by Liz Day, ProPublica
In a two-week span last August, four workers died from falls on cell towers scattered across the country. Before the year ended, another worker had plummeted to his death, this time in Kansas.
Then, in early February, two workers were killed and two more were hospitalized when two cell towers collapsed in West Virginia.
Spurred by a drumbeat of deadly accidents, the U.S. Occupational Safety and Health Administration is changing how it investigates and assigns responsibility for injuries to tower climbers, the workers who build and maintain America’s cell phone networks.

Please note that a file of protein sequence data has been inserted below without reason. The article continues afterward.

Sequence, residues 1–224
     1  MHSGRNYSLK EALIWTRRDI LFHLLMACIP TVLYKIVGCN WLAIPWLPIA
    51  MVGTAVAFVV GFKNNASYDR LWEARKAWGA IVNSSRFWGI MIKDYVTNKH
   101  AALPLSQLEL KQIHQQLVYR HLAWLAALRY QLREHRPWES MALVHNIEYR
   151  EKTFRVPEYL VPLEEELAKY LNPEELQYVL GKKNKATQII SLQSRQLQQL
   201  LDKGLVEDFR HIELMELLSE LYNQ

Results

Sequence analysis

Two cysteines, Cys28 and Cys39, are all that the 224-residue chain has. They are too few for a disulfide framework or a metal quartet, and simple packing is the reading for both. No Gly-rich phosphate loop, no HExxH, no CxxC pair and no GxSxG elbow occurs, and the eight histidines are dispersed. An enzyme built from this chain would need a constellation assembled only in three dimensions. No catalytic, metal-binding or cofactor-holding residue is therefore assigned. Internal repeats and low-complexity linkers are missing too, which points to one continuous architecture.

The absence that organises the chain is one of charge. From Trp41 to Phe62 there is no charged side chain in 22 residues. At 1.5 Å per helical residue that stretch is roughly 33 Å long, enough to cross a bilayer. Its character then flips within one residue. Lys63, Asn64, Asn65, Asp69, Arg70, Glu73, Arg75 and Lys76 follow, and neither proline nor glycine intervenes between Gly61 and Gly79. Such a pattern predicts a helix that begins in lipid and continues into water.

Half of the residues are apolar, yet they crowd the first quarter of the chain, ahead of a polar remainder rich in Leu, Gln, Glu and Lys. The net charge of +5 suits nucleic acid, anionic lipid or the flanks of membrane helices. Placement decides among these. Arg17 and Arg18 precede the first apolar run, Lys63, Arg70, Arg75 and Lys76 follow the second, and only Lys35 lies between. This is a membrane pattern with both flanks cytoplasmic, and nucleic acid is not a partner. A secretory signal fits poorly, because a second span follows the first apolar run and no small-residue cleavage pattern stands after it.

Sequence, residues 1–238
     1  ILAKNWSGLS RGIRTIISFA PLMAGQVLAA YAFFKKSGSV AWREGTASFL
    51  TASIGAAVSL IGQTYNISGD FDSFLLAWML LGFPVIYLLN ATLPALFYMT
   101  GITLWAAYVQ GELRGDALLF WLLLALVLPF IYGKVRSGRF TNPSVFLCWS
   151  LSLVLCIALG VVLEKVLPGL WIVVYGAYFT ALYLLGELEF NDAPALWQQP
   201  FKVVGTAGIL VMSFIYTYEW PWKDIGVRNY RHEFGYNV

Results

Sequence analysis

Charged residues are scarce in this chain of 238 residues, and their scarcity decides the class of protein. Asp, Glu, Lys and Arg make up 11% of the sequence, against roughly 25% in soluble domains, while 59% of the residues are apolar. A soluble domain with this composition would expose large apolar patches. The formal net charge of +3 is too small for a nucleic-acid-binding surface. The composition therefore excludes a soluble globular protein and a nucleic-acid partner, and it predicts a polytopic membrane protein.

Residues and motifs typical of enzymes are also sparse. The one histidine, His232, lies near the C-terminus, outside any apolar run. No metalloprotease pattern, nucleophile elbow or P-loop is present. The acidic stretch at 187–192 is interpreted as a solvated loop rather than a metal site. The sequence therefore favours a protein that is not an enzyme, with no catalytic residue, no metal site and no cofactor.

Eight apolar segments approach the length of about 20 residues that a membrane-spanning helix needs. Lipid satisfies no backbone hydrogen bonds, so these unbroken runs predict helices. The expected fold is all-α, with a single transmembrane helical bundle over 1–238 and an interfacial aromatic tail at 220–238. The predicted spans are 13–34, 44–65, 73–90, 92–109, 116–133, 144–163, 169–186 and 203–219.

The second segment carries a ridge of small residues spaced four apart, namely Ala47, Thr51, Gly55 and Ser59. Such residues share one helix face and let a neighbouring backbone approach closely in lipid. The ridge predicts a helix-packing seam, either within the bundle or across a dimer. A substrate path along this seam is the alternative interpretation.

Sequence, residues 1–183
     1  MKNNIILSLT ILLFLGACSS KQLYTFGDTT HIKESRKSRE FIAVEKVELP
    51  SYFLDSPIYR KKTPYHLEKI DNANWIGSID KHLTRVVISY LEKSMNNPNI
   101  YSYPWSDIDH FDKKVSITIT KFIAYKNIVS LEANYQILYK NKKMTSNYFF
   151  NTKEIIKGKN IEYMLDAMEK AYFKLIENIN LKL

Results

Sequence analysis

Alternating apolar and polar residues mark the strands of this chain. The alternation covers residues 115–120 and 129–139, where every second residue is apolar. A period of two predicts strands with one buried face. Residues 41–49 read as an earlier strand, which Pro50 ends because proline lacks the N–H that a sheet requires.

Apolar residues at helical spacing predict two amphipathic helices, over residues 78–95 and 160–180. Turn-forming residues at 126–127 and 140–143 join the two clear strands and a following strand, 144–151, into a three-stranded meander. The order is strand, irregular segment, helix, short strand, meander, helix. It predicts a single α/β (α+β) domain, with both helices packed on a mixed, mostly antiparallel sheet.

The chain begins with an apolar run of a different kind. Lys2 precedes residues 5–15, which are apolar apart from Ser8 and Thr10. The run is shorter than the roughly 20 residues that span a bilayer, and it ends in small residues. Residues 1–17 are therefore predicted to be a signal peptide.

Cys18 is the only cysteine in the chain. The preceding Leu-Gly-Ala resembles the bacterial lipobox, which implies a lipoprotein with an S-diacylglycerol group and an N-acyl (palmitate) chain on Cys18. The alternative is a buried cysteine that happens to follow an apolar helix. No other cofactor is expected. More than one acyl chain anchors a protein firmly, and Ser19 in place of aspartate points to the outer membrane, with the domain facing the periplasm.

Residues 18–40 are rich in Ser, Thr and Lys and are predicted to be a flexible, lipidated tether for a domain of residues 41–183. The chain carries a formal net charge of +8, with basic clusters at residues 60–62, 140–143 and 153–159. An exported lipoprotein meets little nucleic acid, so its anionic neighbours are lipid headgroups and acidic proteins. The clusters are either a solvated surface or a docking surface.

Tower climbing, a small field of roughly 10,000 workers, has been called the most dangerous job in America. And as ProPublica and FRONTLINE reported in 2012, cell phone carriers and tower owners have insulated themselves from legal and regulatory liability for on-the-job injuries by delegating this work to layers of subcontractors.
Now, for the first time, OSHA is systematically tracking which companies subcontractors were working for when accidents occurred, collecting paperwork that spells out such relationships. In a letter sent in February to industry employers and state wireless associations, the agency criticized “check the box” language written into contracts that doesn’t set out clear standards for safety.